What Beatty comes to, and where I came to a long time ago, was that students are so much more than a Hollywood narrative, and so are we. When we work together and stop putting each other in ‘rockstar’ or competitive situations, zero-sum games, when we don’t reduce one another as colleagues or reduce our students to simple numbers, we see a much bigger and more beautiful picture, a bigger life, one larger than any Hollywood truncated narrative. As the next few weeks fall into summer, what final messages will I, in some cases desperately, in other cases seamlessly, instill in my students?

Well, as friends read Beatty’s post on social media, many agreed with the list of damaging teacher films. But everyone still likes “Bad Teacher.” Okay, I’ll let that one slide.

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Series: Teacher Tombs (the great purging)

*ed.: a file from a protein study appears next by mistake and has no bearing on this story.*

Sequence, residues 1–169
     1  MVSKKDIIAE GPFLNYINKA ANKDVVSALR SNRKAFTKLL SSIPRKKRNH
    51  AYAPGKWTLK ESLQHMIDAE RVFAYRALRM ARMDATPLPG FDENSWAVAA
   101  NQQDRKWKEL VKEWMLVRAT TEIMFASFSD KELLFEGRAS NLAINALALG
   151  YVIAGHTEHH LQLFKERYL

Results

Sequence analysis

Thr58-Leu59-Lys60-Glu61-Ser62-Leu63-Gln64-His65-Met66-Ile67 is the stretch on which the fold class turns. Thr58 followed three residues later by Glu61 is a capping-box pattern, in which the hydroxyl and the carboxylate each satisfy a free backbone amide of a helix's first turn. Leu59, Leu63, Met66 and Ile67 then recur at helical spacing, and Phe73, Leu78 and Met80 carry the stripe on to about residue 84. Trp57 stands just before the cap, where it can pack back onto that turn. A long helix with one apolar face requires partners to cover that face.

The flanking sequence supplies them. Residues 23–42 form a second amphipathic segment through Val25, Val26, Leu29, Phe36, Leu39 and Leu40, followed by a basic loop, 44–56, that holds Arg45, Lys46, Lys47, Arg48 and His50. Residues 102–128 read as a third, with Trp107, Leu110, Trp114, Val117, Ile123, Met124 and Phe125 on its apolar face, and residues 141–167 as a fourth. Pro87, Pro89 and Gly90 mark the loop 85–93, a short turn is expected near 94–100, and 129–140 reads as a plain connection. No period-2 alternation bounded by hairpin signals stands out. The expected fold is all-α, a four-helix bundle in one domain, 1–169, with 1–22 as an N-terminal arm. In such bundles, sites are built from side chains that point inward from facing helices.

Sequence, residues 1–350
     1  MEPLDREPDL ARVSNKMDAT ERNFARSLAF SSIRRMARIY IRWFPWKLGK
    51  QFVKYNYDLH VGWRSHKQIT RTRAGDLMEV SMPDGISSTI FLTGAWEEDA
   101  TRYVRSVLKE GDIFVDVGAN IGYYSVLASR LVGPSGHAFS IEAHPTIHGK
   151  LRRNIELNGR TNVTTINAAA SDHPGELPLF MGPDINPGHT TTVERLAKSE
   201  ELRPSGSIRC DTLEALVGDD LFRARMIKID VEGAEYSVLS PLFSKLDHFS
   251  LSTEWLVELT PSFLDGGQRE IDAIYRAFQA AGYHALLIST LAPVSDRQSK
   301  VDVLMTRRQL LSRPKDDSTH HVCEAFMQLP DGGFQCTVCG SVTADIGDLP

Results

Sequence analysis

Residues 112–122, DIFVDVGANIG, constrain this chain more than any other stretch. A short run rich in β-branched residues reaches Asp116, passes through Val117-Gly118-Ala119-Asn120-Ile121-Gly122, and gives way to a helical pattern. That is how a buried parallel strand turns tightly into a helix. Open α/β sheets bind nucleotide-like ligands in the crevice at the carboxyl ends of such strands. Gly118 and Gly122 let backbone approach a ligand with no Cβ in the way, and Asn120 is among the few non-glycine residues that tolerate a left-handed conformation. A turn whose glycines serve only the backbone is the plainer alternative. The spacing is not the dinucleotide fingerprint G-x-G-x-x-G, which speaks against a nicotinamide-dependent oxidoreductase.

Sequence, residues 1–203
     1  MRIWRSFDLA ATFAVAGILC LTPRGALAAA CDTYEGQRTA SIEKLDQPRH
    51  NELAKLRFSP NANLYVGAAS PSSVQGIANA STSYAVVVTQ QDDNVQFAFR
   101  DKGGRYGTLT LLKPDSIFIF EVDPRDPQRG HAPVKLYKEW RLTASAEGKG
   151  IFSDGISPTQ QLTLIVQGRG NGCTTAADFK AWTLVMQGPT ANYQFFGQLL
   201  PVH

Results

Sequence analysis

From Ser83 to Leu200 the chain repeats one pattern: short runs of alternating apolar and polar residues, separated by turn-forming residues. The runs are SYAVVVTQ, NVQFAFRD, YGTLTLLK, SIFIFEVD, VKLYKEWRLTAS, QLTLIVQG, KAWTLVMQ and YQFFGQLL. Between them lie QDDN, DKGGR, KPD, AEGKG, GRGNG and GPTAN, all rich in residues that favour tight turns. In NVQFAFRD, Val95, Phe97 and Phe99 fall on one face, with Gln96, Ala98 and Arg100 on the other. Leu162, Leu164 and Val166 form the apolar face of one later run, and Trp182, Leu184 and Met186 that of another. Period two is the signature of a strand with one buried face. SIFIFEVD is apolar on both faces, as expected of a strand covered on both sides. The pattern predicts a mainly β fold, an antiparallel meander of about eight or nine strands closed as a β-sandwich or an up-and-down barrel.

Many teachers around the country are out for their unpaid, too-short summer break. We’re not. Due to snow days and very cautious safety folks, we’ll be in until the 27th of June.

And yes: we have half-day that day.

Now, assuming you’ll be back next year, and in these days that’s a mighty big ‘if’ for many educators, what do you purge, prioritize, or plan for? How do you manage your ideas for the next year?

Elena Aquilar posted: How to Make Planning for Next Year Fun

Cult reposted Caitlyn Tucker’s fantastic suggestions. Click link.

Since my last post about the things I hoard, I’ve given a lot of thought to the methods of my madness. Yes, there may be hoarding, for sure, but like the Great Repurposing of Vinyl CD Covers of ’17, hoarding isn’t all bad. It is the art of finding potential in an object. However, going on my 12th year of teaching, it’s time. Some things just don’t fit anymore or can be amended to suit. (I am never getting back in that wedding dress: it did its job, but no need to unbox that baby.)